The Autonomous to Lightweight Mode Upgrade Tool supports the following models:

Cisco Aironet 1240AG Series access points

Cisco Aironet 1230AG Series access points

Cisco Aironet 1200 Series access points that contain 802.11g (AIR-MP21G-x-K9) and/or second-generation 802.11a radios (AIR-RM21A-x-K9 or AIR-RM22A-x-K9)

Cisco Aironet 1130AG Series access points

Cisco Aironet 1100 Series Access Points that contain 802.11g radios (AIR-AP1121G-x-K9)

Cisco Aironet 1300 Series Access Points/Bridges (AIR-BR1310G-x-K9 or AIR-BR1310G-x-K9-R). A Cisco Aironet 1300 Series operating in Lightweight Access Point Protocol (LWAPP) mode only operates as an access point. This series does not support LWAPP bridging mode.

The Autonomous to Lightweight Mode Upgrade Tool supports a process to migrate an autonomous access point from autonomous mode to lightweight mode.In converted access points operating in lightweight mode, Cisco IOS Software continues to run on the access point, while LWAPP is used to communicate with a wireless LAN controller. Since LWAPP supports automatic access point configuration, there is no need to retain or convert the original autonomous Cisco IOS Software access point configuration.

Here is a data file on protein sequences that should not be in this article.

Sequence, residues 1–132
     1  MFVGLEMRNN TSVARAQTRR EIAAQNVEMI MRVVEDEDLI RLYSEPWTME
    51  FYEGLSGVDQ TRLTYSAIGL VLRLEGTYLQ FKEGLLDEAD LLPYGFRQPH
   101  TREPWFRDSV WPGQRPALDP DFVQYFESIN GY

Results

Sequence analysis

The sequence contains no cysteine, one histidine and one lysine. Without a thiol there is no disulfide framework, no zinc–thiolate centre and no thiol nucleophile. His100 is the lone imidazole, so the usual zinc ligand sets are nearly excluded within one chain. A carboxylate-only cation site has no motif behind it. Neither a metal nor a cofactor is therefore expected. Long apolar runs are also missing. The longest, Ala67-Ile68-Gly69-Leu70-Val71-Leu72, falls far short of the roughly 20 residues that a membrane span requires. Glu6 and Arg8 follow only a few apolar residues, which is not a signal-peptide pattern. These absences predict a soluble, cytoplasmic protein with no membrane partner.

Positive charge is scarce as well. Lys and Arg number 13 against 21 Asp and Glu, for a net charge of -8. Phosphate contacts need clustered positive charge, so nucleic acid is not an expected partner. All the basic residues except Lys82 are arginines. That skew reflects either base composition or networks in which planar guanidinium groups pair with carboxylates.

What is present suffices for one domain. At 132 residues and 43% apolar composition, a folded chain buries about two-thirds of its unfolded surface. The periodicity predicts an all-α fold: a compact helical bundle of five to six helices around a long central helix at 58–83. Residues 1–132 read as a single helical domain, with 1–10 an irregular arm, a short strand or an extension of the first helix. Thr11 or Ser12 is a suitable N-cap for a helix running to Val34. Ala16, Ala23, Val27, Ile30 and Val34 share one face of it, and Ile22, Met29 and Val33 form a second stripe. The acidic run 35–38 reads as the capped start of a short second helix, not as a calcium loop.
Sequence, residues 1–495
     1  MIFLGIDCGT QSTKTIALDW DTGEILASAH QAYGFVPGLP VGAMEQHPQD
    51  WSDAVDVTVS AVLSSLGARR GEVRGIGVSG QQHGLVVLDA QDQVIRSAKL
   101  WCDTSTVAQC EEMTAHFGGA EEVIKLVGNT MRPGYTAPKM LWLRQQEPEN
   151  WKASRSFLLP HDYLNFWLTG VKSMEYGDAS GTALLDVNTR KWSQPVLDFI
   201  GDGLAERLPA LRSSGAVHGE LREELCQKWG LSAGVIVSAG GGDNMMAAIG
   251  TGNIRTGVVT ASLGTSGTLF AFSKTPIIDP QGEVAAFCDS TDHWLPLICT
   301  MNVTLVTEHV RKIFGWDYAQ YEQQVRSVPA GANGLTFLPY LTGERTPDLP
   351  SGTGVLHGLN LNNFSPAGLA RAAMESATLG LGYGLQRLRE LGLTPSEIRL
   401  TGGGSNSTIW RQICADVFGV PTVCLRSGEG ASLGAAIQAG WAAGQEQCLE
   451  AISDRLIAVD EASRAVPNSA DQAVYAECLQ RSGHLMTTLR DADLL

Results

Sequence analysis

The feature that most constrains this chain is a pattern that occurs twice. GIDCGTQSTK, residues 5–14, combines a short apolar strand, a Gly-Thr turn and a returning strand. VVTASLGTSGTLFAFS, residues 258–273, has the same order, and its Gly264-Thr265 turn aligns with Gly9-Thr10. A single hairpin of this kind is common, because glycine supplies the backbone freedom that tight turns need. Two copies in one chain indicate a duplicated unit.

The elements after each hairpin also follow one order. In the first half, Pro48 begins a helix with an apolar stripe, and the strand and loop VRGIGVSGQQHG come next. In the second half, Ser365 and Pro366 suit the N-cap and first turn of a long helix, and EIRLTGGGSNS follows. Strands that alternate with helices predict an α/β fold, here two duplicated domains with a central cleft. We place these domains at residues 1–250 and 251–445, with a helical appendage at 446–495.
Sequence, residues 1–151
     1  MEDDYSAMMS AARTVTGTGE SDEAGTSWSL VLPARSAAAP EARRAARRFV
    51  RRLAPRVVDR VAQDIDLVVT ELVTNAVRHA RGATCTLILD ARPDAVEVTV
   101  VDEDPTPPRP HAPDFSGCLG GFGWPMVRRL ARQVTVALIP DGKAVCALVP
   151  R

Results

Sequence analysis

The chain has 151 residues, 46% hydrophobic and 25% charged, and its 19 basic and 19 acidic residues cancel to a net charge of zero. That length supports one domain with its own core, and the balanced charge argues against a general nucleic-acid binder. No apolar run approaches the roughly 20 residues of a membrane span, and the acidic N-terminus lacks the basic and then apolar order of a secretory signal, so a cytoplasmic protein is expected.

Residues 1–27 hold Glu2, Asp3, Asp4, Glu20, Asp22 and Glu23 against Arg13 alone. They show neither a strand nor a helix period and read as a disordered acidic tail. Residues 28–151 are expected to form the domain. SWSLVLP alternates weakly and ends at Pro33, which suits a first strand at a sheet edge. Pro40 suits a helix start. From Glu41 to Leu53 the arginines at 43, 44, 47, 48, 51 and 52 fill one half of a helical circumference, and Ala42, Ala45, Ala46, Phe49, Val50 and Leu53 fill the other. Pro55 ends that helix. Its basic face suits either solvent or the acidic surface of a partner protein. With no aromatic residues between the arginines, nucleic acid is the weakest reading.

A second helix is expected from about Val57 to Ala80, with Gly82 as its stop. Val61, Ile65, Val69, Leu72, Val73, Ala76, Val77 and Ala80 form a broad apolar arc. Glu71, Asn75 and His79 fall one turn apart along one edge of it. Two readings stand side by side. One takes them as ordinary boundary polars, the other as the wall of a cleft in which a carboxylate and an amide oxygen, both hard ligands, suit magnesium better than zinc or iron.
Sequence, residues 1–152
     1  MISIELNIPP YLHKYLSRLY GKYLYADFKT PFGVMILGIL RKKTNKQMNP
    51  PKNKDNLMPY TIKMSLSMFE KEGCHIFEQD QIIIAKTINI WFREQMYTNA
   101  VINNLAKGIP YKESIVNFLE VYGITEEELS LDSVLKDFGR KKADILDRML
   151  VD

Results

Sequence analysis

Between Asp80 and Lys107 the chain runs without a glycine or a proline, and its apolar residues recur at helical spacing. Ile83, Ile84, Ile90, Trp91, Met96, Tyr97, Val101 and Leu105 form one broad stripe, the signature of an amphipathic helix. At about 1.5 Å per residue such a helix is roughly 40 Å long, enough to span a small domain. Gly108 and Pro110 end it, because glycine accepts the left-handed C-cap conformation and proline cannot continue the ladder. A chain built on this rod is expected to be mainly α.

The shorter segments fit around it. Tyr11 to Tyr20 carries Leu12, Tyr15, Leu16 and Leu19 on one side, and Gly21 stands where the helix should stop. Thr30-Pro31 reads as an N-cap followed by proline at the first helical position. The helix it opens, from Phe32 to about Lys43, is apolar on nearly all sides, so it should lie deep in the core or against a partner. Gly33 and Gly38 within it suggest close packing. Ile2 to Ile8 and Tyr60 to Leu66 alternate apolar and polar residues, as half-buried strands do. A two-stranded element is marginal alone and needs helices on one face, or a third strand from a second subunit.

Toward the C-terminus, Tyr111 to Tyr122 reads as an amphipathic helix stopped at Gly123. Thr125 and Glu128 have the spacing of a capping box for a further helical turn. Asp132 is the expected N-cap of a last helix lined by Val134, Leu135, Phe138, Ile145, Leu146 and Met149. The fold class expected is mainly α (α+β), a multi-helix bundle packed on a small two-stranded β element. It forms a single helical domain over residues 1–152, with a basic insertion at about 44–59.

For more information on upgrading Cisco Aironet autonomous access points to LWAPP, please read the Cisco Aironet Access Point Support for Lightweight Access Point Protocol Product Bulletin or Upgrading Autonomous Cisco Aironet Access Points to Lightweight Mode Deployment Guide.

From this good doc;

http://www.cisco.com/en/US/products/hw/wireless/ps4570/products_white_paper0900aecd804f1a23.shtml